IE 11 is not supported. For an optimal experience visit our site on another browser.

Immigration bill is monsoon ‘monster’ readers share their personal stories from Arizona and reflect on the state's new  immigration bill.
/ Source:

Joseph Robinson says the toughest crackdown on illegal immigration in the country hit his homestate like a wicked storm, dramatically altering Arizona's landscape.

"This is the monster of monsoons," the Mesa, Ariz., resident said. "This has escalated way beyond belief. I am disappointed with the people from both sides of the issue who have lost their sanity. It is a catastrophe."

Robinson and scores of readers shared their personal stories from Arizona since the immigration bill. Many applauded Gov. Jan Brewer for signing the legislation, saying Arizona was headed in the right direction. Others weren't so sure, expressing outrage over the bill's intent to ID and prosecute illegal immigrants.

"I have tears in my eyes. I am frightened," said Sandy Carey, who now lives in Sacramento, Calif. "I am saddened beyond words to say that the state I was born in and raised in has taken a serious wrong turn. ... But, I am invigorated by this as well. I'm now on a mission to make people aware, to get them involved and engaged in this issue."

Robinson, who was born in Canada, said there was one solution to the Arizona issue: "If I had to stand in line to be a U.S. citizen, so should everyone else."

Other reader responses include:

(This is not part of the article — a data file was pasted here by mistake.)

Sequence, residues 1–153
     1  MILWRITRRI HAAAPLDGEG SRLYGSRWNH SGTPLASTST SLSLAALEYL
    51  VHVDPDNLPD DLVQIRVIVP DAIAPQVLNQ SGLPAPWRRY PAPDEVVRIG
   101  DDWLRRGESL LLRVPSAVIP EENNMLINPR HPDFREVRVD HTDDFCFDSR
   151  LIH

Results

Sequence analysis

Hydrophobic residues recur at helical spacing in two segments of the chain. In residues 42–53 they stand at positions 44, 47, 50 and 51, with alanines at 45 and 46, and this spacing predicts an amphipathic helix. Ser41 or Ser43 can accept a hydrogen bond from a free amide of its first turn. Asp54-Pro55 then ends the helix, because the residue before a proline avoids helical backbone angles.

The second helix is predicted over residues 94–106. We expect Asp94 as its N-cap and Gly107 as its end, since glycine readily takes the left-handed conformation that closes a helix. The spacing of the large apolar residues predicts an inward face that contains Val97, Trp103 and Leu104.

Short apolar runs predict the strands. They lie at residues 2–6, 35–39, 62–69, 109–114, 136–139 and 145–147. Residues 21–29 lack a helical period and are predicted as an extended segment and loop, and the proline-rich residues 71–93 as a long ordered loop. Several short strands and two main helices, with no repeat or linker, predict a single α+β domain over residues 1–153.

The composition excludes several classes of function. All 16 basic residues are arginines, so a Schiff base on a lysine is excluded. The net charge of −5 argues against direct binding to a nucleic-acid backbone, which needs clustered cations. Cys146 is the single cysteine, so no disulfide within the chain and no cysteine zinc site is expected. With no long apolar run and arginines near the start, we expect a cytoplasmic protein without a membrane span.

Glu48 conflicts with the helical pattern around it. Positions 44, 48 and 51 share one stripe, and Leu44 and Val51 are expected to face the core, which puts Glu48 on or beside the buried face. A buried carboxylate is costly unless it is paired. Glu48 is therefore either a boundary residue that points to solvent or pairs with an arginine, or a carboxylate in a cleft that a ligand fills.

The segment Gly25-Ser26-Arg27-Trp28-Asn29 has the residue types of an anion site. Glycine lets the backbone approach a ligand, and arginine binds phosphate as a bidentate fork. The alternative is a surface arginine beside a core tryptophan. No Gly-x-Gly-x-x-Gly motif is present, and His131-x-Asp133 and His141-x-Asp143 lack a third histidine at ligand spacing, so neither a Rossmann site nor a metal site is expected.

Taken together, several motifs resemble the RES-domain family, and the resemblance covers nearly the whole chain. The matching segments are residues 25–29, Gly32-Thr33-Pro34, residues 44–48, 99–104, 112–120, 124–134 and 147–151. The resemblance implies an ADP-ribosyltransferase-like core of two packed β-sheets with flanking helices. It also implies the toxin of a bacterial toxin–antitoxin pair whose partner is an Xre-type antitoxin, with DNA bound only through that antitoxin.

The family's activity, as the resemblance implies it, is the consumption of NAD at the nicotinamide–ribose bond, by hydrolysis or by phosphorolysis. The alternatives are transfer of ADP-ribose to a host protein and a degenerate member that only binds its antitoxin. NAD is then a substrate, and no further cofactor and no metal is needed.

Being a Latino, I'm used to being asked by law enforcement whether I'm legal in the country or not. I'm used to people assuming I am illegal just because I have an accent. I'm also used to seeing Canadians work illegally and not be bothered because they're white. — Daniel Rivas, Phoenix, Ariz.

I live in Arizona with my husband and two young daughters. Many times we have been awakened from a dead sleep in the middle of the night by illegals pounding on our door demanding food and water. It is a very scary position to be in. Fortunately, my husband has always been home, but there may come a time when he is not. We live in a rural area where many illegals travel through and our house was broken into and virtually cleaned out by illegals who had a camp on the outskirts of town. The problem needs to be addressed — as a hard working legal resident I resent having to pay taxes to educate illegal residents. There is a network for illegal residents where they get free healthcare while I can barely afford healthcare let alone insurance. If other states want illegals let them live there, but leave Arizona to manage the problem in accordance with the majority of legal resident's wishes. — Karen Bell, Casa Grande, Ariz.

I'm a retired teacher. My first thought on SB1070 was: 'What are the schools going to do?' How are police in the high schools supposed to respond? Are they going to arrest students in the hallway, stop and ask for their papers? Students will be afraid to go to school. Arizona is not known for its intelligent politicians or for being a caring people — its just known for being hot and dry and now, devoid of humanity and reason. — Darlene Swaim, Mesa, Ariz.